2006 Domaine Lapalu “La Patache” Médoc ($14.99) A blend of 85% Cabernet Sauvignon harvested from different parcels of the Lapalu family’s vineyards, the fruit has been skillfully selected and blended. A lively, juicy Bordeaux that is approachable in its youth, it also has an ability to develop with age. It is deep ruby, aromatic with strong notes of cassis and plum supported by dusty tannins and softer notes of vanilla. Wonderful as an accompaniment to roasts, it is also delicious all on its own!

2006 Sorbey Haut-Médoc ($14.99) The second label of the prestigious Chateau Julien, Chateau Sorbey uses grapes from the same gravel vineyards to create outstandingly priced Médoc wine. This 50% Cabernet Sauvignon, 50% Merlot shows great minerality and balance. It spends at least a year maturing in oak barrels. Concentrated, nicely structured, with chewy black fruit and hints of spice and cedar. Delicious with lamb crusted in herbs and lavender.

2007 Chateau Semonlon Haut-Médoc ($15.99) Olivier Dumora inherited this small estate, which sits very close to Margaux, from his great-grandfather. The gravel and mud soil of the area is known for its finesse, and Dumora respects the terroir and pays homage to the traditional winemaking style of Bordeaux. All the fruit is harvested by hand and fermented in stainless steel tanks, followed by a year of aging in both cement vats and in oak barrels. The 35-year-old vines of Cabernet Sauvignon and Merlot yield a supple wine with deep notes of black currant, plum, and earth. Medium-bodied with balanced acidity and tannins, it is very appealing now but can also be cellared for a couple of years.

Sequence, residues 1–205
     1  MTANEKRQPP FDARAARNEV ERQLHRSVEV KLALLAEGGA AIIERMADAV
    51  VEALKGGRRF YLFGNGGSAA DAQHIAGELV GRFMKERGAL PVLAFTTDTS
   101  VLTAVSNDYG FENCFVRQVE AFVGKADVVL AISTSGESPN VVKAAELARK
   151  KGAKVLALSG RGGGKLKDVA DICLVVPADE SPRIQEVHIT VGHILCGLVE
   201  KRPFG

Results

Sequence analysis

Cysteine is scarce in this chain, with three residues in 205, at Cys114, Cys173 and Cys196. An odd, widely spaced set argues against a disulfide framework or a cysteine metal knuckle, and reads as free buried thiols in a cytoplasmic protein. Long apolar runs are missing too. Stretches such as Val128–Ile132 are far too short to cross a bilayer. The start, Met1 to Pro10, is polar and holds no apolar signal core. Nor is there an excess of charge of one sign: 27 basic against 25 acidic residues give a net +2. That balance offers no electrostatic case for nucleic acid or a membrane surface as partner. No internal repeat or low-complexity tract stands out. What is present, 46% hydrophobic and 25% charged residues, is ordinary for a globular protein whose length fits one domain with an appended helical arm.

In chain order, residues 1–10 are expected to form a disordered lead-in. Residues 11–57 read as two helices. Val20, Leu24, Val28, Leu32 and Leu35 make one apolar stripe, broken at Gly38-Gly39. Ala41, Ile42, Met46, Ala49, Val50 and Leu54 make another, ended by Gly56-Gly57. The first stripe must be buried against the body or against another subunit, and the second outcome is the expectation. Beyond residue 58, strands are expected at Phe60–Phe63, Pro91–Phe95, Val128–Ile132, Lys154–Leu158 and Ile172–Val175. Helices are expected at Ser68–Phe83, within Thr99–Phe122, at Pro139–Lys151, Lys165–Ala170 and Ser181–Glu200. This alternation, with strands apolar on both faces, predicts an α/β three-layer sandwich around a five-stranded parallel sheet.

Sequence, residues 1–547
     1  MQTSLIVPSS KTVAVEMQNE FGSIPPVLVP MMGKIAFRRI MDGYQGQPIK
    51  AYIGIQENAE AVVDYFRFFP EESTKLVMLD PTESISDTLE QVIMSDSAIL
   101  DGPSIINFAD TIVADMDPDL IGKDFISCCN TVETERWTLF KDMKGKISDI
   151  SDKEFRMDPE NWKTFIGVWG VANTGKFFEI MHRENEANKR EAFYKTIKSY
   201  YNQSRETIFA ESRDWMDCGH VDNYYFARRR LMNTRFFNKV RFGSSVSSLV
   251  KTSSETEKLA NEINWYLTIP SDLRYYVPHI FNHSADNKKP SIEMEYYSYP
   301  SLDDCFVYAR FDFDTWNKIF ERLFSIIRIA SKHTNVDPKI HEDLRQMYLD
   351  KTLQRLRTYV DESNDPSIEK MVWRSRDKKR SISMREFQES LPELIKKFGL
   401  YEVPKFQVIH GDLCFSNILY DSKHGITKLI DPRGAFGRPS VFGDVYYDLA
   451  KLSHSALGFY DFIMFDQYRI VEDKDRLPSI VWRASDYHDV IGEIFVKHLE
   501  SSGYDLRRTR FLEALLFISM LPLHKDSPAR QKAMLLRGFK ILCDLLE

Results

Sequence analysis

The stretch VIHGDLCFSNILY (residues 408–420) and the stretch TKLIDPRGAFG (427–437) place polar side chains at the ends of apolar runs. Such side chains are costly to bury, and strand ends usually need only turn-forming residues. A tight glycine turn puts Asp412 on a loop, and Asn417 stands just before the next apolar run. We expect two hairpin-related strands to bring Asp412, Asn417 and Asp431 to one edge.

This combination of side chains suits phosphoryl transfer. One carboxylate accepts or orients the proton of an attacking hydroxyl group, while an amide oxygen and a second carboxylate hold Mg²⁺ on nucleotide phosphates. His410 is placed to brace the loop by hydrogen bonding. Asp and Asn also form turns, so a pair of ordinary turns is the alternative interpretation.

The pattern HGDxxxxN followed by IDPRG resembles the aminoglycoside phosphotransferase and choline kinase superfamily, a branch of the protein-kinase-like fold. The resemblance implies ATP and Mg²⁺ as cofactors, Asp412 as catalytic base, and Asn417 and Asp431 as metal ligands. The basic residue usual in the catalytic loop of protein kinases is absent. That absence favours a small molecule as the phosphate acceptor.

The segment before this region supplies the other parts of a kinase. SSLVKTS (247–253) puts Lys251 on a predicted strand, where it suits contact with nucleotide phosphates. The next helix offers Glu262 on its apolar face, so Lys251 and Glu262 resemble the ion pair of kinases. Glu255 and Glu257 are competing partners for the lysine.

2005 Château Bibian Listrac-Médoc ($24.99) Julien Meyre, winemaker at Chateau Bibian, stopped in at Paris Grocery last week with his wonderful wines. From clay and limestone vineyards with deep pockets of gravel, the 2005 vintage was the estate’s best bottling since 1990! 55% Merlot, 30% Cabernet Sauvignon and 15% Petit Verdot, it was kept 6 months in French oak. Full-bodied, it shows exceptional structure. The ripe black fruit is persistent, and balanced by notes of the terroir: graphite, pencil lead and chalk. Incredibly delicious and a great addition to your cellar. “Rich and layered, with blackberry, currant and toasty oak on the nose and palate. Full and silky-textured, with a long finish.” 90 points Wine Spectator

NEW CHEESES AND FOODS AT PARIS GROCERY

Soumaintrain – A cow’s milk cheese from Yonne in northern Burgundy, the wheels are washed with brine and marc de Bourgogne. Pungent, gooey, rich, mushroomy, and barnyardy- some even say it displays umami. Try it with a Chablis for a blissful experience. $25.99/wheel

Comté de Fruitière -A raw cow’s milk cheese from the Jura, aged 5-6 months. A delicious fruit nectar aroma and a more delicate nuttiness than more aged comté. Almost sweet and bursting with flavors of fresh milk and butter. Great in salads or with fruit! $16.99/lb

Tomme Haut Berry -From a remote and arid region of southwestern France, this sheep’s milk cheese has a firm yet creamy texture. An aroma of spring wildflowers and a bright flavor that is both sweet and acidic make this cheese a new favorite. $28.99/lb

Saint Nectaire Fermier -A fermier (farmstead) version of an ancient style of cheese. Made with the milk of Salers cows who graze on the volcanic pastures of Auvergne, this cheese has all the earthiness, nuttiness, and raw milk flavor a cheese can possess! Pair with a light, fruity Gamay.

Biscuits from Bretagne.

Tarbais Beans— the traditional bean for cassoulet! These unique beans are hand picked around the tiny village of Tarbais. Slim and thin skinned, they have a subtle flavor. Creamy without being paste-like, they are ideal for slow-baked dishes. $17.99/lb.

We now have the full line of Clément Faugier chestnut products— chestnut cream with vanilla, chestnut puree, and whole chestnuts in water. Traou Mad de Pont Aven cookies from Brittany– made with salted butter, these thick biscuits are supremely dunk-worthy!
And, Salted Black Licorice is now in stock!

Come see us soon!